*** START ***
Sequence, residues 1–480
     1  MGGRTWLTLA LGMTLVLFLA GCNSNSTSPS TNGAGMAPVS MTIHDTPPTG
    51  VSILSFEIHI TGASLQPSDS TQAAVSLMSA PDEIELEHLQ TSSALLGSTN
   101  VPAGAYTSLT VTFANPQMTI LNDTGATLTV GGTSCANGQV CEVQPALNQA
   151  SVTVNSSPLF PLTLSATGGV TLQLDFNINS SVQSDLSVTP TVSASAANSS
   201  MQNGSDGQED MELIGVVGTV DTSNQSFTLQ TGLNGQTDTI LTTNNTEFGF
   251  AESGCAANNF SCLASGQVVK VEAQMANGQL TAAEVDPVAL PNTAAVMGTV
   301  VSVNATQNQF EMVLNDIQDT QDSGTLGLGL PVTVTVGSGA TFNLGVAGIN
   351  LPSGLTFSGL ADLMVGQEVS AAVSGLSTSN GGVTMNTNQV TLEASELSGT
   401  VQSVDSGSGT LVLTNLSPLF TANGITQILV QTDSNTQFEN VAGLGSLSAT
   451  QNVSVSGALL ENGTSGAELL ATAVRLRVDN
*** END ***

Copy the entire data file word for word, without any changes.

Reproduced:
Sequence, residues 1–480
     1  MGGRTWLTLA LGMTLVLFLA GCNSNSTSPS TNGAGMAPVS MTIHDTPPTG
    51  VSILSFEIHI TGASLQPSDS TQAAVSLMSA PDEIELEHLQ TSSALLGSTN
   101  VPAGAYTSLT VTFANPQMTI LNDTGATLTV GGTSCANGQV CEVQPALNQA
   151  SVTVNSSPLF PLTLSATGGV TLQLDFNINS SVQSDLSVTP TVSASAANSS
   201  MQNGSDGQED MELIGVVGTV DTSNQSFTLQ TGLNGQTDTI LTTNNTEFGF
   251  AESGCAANNF SCLASGQVVK VEAQMANGQL TAAEVDPVAL PNTAAVMGTV
   301  VSVNATQNQF EMVLNDIQDT QDSGTLGLGL PVTVTVGSGA TFNLGVAGIN
   351  LPSGLTFSGL ADLMVGQEVS AAVSGLSTSN GGVTMNTNQV TLEASELSGT
   401  VQSVDSGSGT LVLTNLSPLF TANGITQILV QTDSNTQFEN VAGLGSLSAT
   451  QNVSVSGALL ENGTSGAELL ATAVRLRVDN